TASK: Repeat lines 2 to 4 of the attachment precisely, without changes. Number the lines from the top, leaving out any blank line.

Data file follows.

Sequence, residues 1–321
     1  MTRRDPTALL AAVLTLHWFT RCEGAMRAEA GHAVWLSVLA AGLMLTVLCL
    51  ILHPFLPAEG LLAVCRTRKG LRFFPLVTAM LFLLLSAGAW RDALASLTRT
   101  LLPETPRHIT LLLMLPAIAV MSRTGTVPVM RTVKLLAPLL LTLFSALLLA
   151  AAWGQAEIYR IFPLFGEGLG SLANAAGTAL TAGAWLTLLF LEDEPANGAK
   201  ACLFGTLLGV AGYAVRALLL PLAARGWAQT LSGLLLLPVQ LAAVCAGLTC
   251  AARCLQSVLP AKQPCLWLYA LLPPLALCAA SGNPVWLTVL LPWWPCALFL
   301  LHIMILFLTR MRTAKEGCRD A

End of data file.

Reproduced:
     1  MTRRDPTALL AAVLTLHWFT RCEGAMRAEA GHAVWLSVLA AGLMLTVLCL
    51  ILHPFLPAEG LLAVCRTRKG LRFFPLVTAM LFLLLSAGAW RDALASLTRT
   101  LLPETPRHIT LLLMLPAIAV MSRTGTVPVM RTVKLLAPLL LTLFSALLLA